The more I thought and prayed, the more I became aware of God’s blessings in my life and His awesome power. Is anything too hard for the God who laid the earth’s foundation and marked off its dimensions, who stretched a measuring line across it and laid its cornerstone, while the morning stars sang together and all the angels shouted for joy (Job 38:4–7)?

My spirit was refreshed and my strength renewed. I felt as eager to tackle my work as a war horse spoiling for battle (Job 39:19–25). I’m rising on eagle wings.

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Signing books today!

Me and Bethany at my book signing in July. That’s my son-in-law, Nick, holding my grandson, Layton, in the background. It was 105 degrees on July 5, but it’s 31 degrees now with a forecast high of only 53!

This morning I’ll be signing copies of my book, Little One Lost: Living with Early Infant Loss, at The Sanctuary coffeehouse and Christian bookstore on the south side of the square in Pella. My daughter, Bethany, and I will be there from 10:00 until noon. Stop in for a free bookmark. I’ll also be giving Hugs and Kisses, mostly those of the Hershey’s variety.

Do you grieve the loss of a little one? Do you wish you could help someone who does? Reasonably priced at only $10, Little One Lost is the kind of book you’ll want to have on hand so you can give it to someone who needs to read its biblical comfort.

My prayer is that today God will send into The Sanctuary those who need to read Little One Lost. If you can’t join me in person, will you join me in praying for God to do that? May he receive all the glory!

Little One Lost is written in accessible language and short chapters so it can be easily digested by people lost in grief’s fog.

Here’s a summary of the book’s content:

Published by Reformed Fellowship in Grand Rapids, the volume contains a preface that explains why I wrote the book, an appendix defining medical terms often used in related discussions, and six primary parts.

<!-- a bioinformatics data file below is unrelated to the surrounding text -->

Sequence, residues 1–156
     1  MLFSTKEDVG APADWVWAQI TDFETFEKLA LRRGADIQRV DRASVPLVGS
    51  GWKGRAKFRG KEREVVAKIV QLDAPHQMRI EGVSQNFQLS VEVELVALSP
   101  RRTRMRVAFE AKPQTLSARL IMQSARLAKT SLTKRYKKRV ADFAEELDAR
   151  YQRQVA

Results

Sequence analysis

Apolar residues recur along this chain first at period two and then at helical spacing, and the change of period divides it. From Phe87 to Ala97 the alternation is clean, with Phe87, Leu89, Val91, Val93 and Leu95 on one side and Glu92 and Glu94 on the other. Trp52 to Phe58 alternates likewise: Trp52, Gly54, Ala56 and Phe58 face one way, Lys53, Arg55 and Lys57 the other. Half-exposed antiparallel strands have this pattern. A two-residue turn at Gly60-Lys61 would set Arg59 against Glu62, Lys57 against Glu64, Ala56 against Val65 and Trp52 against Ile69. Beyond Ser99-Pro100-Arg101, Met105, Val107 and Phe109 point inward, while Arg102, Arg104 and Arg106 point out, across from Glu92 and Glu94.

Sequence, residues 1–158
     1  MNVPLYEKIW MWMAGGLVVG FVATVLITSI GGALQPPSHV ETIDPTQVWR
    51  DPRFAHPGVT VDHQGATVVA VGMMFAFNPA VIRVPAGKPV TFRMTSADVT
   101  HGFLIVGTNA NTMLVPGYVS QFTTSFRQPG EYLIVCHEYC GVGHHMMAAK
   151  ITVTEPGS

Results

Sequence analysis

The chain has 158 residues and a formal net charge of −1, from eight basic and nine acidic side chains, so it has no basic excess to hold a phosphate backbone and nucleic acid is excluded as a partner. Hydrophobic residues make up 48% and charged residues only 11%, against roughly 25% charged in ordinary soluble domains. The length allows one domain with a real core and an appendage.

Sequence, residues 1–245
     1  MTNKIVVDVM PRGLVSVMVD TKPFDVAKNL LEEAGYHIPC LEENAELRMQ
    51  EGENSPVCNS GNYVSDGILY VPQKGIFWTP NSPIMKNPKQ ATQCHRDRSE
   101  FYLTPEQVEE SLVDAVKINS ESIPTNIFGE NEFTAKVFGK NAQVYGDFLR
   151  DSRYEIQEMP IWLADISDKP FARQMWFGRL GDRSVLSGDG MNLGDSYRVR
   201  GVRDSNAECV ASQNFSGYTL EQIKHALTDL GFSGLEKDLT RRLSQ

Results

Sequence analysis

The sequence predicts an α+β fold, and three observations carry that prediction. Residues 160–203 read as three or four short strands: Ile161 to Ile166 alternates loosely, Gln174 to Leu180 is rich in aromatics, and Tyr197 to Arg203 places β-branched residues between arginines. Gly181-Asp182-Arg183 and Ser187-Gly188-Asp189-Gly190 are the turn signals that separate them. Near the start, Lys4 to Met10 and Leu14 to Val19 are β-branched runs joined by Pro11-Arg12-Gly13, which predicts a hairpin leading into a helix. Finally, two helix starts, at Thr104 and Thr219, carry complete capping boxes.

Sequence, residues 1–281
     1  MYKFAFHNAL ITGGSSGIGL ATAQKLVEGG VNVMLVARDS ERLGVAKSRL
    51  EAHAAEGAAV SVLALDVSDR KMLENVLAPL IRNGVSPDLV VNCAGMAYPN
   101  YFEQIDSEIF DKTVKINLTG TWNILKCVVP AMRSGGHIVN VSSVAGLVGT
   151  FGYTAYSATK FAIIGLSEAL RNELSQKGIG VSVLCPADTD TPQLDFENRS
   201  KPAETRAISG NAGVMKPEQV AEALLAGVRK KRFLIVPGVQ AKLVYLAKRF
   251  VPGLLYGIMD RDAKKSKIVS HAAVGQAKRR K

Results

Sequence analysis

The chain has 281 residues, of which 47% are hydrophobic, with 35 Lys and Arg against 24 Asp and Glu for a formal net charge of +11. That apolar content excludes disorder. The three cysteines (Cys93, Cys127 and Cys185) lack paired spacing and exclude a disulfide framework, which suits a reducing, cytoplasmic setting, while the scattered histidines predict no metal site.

The first chapter in Part One, Acknowledging Our Loss, relates my own story, “The Hole in My Heart,” which appeared in the March April issue of The Outlook and is found online here. Other chapters in this initial part are Society’s Paradox, Knit Together, and Common Occurrence.

In Part Two, Losing a Child, several families relate personal stories of their various experiences: Repeated Loss, Medical Dilemmas, Hopeless Labor, Father’s Love, and Delivery Distress.

In Part Three, Bearing Infertility’s Loss, three families share their different perspectives on living with infertility: Empty Womb, Childless Marriage, and Supernatural Children.

Part Four focuses on Finding Our Comfort in these chapters: Not Lost, Biblical Comfort, Covenantal Comfort, Confessional Comfort, and Only Comfort.

Part Five, Grieving with Hope, deals with a variety of aspects related to grief, including guilt: Hopeful Grief, Guilty Grief, Being Forgiven, Forgiving Others, and Family Grief.

Part Six explores Healing Our Pain through Prayerful Work, Graceful Acceptance, Remembering Life, Compassionate Care, and The Hope in My Heart.